Brutally honest statement coming... stop playing it as if it were magic.

Killing characters is the least meaningful thing to do in the game. HAnd destruction gives you a better long range game and power challenges consistently get you closer and push your opponent further away from the win condition. Fighting for board dominance is a trap.

Don't get me wrong, establishing strong board presence is useful, and killing your opponents characters can lead to the other things, but fighting to get it and maintain it when you could possibly be exploiting your opponents weaker and ultimately more important challenges is frequently a losing proposition.

Stark is the viewed as the strongest and easiest house to play by most new people to the game. Experienced players recognize Stark quickly gets the head on military challenges but are extremely weak in intrigue, so you can just put out cheap intrigue characters and destroy their hand, blocking just enough military challenges to prevent them from running away with the game by unopposed power, until the reset comes along. They have few, if any cards in hand, and you should have a mitt full. While they are top-decking you are tactically kicking that direwolf butt into submission.

If you are experienced MTG players you will certainly pick up on all the tactical and strategic richness the game has to offer, but it can be a slow crawl if you fixate on the common MTG tactic of vomiting characters and smashing your way to victory.


Point understood and taken.

As an MTG player, straight big-heavy combat creature decks are my *least* favorite. They are boring to play, easy to stop. I generally favor blue control+red burn.

We'll give it a few more tries.

I don't believe multiplayer is much of an option - with the crew I have, I'll be a more likely to get the boardgame version of this on the table (Which is one of my top games.)
 
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John McKelvy
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Agent 57 wrote:
Brutally honest statement coming... stop playing it as if it were magic.



Stark is the viewed as the strongest and easiest house to play by most new people to the game. Experienced players recognize Stark quickly gets the head on military challenges but are extremely weak in intrigue, so you can just put out cheap intrigue characters and destroy their hand, blocking just enough military challenges to prevent them from running away with the game by unopposed power, until the reset comes along. They have few, if any cards in hand, and you should have a mitt full. While they are top-decking you are tactically kicking that direwolf butt into submission.


So, thinking out loud, it seems like gaining initiative in order to launch low-cost, disposable intrigue challengers is a decent strategy against Stark?

It sounds obvious now that I type it. . .

Update:

Just finished another game this evening.
- I was Baratheon, vs. Targaryen.
- Targaryen did very well for the first three turns.
- I survived by sacrificing disposable characters and trying to defend as many challenges as possible to prevent uncontested VP bleeding.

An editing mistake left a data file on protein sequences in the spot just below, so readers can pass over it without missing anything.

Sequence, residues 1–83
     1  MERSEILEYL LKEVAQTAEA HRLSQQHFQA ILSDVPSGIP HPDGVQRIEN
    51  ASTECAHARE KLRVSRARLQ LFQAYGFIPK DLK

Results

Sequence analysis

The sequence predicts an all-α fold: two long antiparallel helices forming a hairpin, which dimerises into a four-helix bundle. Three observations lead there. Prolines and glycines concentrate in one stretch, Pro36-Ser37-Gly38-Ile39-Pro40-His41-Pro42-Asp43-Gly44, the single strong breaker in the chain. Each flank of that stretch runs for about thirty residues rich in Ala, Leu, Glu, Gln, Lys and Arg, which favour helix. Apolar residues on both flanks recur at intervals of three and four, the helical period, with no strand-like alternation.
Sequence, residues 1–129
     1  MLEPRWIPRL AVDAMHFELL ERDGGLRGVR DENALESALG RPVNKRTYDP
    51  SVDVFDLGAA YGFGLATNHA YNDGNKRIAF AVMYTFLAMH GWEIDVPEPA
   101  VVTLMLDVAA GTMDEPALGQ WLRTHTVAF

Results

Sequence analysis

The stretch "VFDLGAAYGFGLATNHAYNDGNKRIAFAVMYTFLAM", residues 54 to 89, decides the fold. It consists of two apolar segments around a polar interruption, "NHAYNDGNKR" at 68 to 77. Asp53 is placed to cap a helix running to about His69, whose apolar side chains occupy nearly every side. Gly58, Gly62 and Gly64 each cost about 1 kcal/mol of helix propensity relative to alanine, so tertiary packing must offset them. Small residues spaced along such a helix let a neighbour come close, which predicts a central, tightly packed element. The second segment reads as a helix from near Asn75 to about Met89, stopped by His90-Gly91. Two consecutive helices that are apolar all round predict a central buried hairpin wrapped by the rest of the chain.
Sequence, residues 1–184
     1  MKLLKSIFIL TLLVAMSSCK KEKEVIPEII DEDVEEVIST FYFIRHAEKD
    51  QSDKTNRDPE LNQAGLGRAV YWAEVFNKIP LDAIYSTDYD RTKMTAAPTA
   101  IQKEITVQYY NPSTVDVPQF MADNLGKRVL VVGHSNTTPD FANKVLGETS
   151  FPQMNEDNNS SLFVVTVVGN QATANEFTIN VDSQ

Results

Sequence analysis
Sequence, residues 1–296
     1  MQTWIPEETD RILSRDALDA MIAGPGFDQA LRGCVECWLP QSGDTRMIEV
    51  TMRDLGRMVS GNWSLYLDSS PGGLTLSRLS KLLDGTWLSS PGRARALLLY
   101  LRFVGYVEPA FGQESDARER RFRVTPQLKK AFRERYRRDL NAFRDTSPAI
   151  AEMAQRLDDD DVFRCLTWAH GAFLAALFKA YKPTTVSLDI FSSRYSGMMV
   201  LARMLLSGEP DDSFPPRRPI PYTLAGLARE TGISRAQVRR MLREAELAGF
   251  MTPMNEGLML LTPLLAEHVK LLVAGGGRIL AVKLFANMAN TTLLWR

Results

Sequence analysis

- On the 5th, 6th, and 7th turns I managed to get some parity in character strength. Probably because I was consistently able to get a bit more income per turn.
- By the 6th turn, I had 4+ renown characters (One was Robert Baratheon). I decided to throw caution to the winds and go for guaranteed victories in blue, not so much for the claim itself but for the bonus VP.
- Critically, I gained initiative in the 7th round and went all-out in blue one more time. The lizards had lots of dragons and were very buffed up. But on final tally, we tied in blue, giving me 6 VP and the game.
- Had targ played ONE more point of blue strength, I would have been totally hosed.

So, fortunately, this session vindicated my hopes for the game. Even though I won, it was probably due more to a few rules misconceptions early on and slightly more focused play than my opponent at the end. Targ definitely seems to have a lot more interesting synergies and dynamic strategies in its deck. Then again, that might just a normal "grass is greener" reaction?.
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Agent 57
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Targ is a reactive house, not precisely control, not precisely aggro, more "disruption" the ability to strongly attack and toss out events and other effects that mess up opponents strategies.

Baratheon is a rush house for the most part. They hit hard and fast and snag a lot of power very quickly. The strategy you used is called "delayed rush" in the game. It is one of the best strategies in melee (multi-player) and as you can see with the right match up does well in joust (1v1) as well.

A word of caution, one of the mistakes new players frequently make is blocking every challenge. If you lose a challenge and kneel someone that is one less potential attacker you have on your side. Knowing when and what to defend is one of the first major steps in learning the game.

Congrats on your victory, sounds like a good game with a fair amount of back and forth.
 
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Agent 57
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A lot of players switch the plots around but personally I see that as a mistake (except in joust with condemned by the realm, that plot should never be used head to head). Pulling Valar from Stark actually makes it harder to beat Stark if players are new to the game not easier. Valar is the countdown clock for Stark, can they win the game before they are forced to play that reset? The longer they wait the fewer cards they have in their hand and the more painful it will be for them. As the Stark player gets better he recognizes that wiping out one or more troublesome characters, especially ones with Intrigue icons is sometimes worth losing board advantage, trusting that an early use will see you with a better hand than you would have later and the likelihood that you will still end up with the better military characters.

Of course, YMMV.